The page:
When I came out of my shelter they did not think I was the person they were looking for since I was still a functioning twin-mountain-trudge-inside-snow-shelterperson and seemed to be fine.  They asked me if I’m the person that needed to be rescued and after I gave them my name they were convinced I was the right guy.  I have a feeling they were thinking they were on a body recovery mission and not on a real rescue mission.  Once we were back to the start/finish line they made a comment that they have never had such an easy rescue.

The Bottom Line – Be Prepared, Always

My epic adventure could have turned out to have a really sad ending.  Because I took the seriousness of the adventure event and Alec’s advice I was prepared and survived my epic ordeal.  I saw other runners that took less than the minimum requirements set by Alec.  If they would have gotten lost their Epic tale would have been of a recovery and not a rescue.  If you are not educated on survival skills you should not even think about attempting The Trudge.  If you are not willing to take the proper gear because it will weight you down and you are more concerned with “racing” you should not think about attempting The Trudge.  Unfortunately I see people going into the wilderness unprepared all the time and my friends in Search and Rescue are the most frustrated with the people who are not prepared.  Don’t be one of those unprepared people.

Twin Mountain Trudge Trail Race Turns Epic (2 of 5)

Tuesday, January 25th, 2011

2011-twin-lakes-trail-race-hawaiin-shirt-rayHere’s how Hawaiian Shirt Ray prepared for the Twin Mountain Trudge Trail Race.

How I Prepared for the Trudge

Food

I knew what I was signing up for when I entered the Trudge again this year.  Beacuse I knew I was in for a long tough day I started out eating a hearty breakfast of:  2 breakfast burritos, a large smoothie, banana bread (see my banana bread recipe), and a few cups of coffee.  For the race I had packed two chicken sandwiches, two chicken and rice burritos, pretzels, and granola bars.  Plus, I planned on eating hot soup at the start/finish aid station before running my second lap.

Hydration

For hydration I carried 80 ounces of energy drink on each lap.  Yes, that is a total of 160 ounces for a 22 mile race.  My plan for the event was to drink the entire 80 ounces each lap.  This event is a Trudge and it takes double if not more effort to run the same distance on dry trails.

What some people do not realize is that when it is is cold outside you still need to drink and eat as much as you would during a warmer day.  For distance runners, dehydration can complicate and accelerate the onset of hypothermia.  Remember, that when the temperature outdoors is lower than your body temperature, you will give up heat to the environment.  Your natural metabolism is usually enough to maintain your core body temperature.  However, when conditions become extreme your body’s metabolism may not be able to protect you from heat lose.  The result is hypothermia.  Staying hydrated helps your natural metabolism to regulate your body’s temperature (see my story Cold Weather Running).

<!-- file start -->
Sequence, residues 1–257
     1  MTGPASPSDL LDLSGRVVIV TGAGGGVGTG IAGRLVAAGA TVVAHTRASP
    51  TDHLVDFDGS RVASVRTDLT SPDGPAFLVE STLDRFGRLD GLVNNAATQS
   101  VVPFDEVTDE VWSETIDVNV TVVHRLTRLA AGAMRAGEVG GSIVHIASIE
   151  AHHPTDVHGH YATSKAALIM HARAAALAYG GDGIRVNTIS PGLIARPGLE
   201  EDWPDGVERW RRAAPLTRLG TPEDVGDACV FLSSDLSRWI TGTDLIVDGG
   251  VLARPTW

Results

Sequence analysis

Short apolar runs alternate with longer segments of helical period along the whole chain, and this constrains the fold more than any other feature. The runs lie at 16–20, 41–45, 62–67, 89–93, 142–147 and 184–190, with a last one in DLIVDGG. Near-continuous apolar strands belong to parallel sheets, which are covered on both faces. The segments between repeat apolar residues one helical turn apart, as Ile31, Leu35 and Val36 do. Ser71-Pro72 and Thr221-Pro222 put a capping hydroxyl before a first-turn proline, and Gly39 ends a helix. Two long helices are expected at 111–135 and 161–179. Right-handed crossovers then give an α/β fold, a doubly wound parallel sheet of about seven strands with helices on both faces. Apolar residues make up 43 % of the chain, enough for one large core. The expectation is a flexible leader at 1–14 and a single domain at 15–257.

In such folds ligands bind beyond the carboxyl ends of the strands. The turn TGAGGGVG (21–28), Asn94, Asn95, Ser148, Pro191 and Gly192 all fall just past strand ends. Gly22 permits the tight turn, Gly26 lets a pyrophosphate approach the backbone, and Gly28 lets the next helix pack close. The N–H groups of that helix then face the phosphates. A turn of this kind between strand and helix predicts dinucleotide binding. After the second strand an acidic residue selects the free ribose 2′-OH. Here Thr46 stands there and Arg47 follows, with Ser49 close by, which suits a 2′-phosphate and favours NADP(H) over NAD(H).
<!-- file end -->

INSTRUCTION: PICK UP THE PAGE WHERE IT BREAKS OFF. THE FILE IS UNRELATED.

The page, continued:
Gear

I came ready for any conditions.  I signed up for two laps and I came prepared to run nothing less than two laps.  Once I was at the start/finish line I assessed what gear I was going to take with me on each loop.

Here is what I took:  a running backpack with a hydration system, arm warmers, neck gaiter, ear warmers, extra wool hat, chapstick, salt tablets, ginger, Tums, Imodium tablets, Acetaminophen (not Ibuprofen), toilet paper, plastic rain poncho, sunglasses, Photo ID, long sleeve wicking shirt, wicking vest, wind jacket, ski poles, Gore-Tex jacket, headlamp with fresh batteries, and a plastic bag to put my clothes in to keep them dry.

Yes, I carried all that gear plus my food and water.

What I Wore

A Hawaiian Shirt; heck it’s an extra layer (fashionable, not too functional), a long sleeve wicking shirt, a long sleeve resistant full frontal zipper jersey, wicking underwear, mittens, running tights, over the tights a waterproof and windproof shell, running shoes, neoprene socks, neoprene shoe covers, hiking gaiters, and micro spikes.

Read more tomorrow to find out why Hawaiian Shirt Ray was glad he had all this gear.

Christmas Gifts for Trail Runners – REI’s Cyber Monday Sale

Monday, November 29th, 2010

REI.com is having a Winter Sale that ends today, Cyber Monday.  We sifted through all the items to find the trail running gifts you want and need.  Please Mom!  Please Mom!  But I neeeeeeed it!

petzel-tikka-xp-2-led-headlamp-trail-runningPetzl Tikka XP 2 LED Headlamp (was 54.95, sale price 41.99) For trail runners that are looking for a light, durable, bright light, this is the one for you.  Don’t let the small size fool you with this headlamp.  The Petzl Tikka XP 2 headlamp has a powerful and adjustable beam with tilt head that can guide you down the trail as fast you can run it.  I guaranteed you’ll never catch up to this light, this white light reaches up to 60m out.  For those foggy nights there is a spring-assisted, flip-up diffuser lens which changes the beam shape from spotlight to area light.  It also has a red LED light positioned to the side in case your buddies are running in night vision goggles.  This light can last all night long, oh yeah, giving 160 hours of white light and 80 hours of light on the high intensity setting.  Not that it matters, you wouldn’t be able to last that long on the high intensity setting anyway.  Honey, it’s getting dark outside!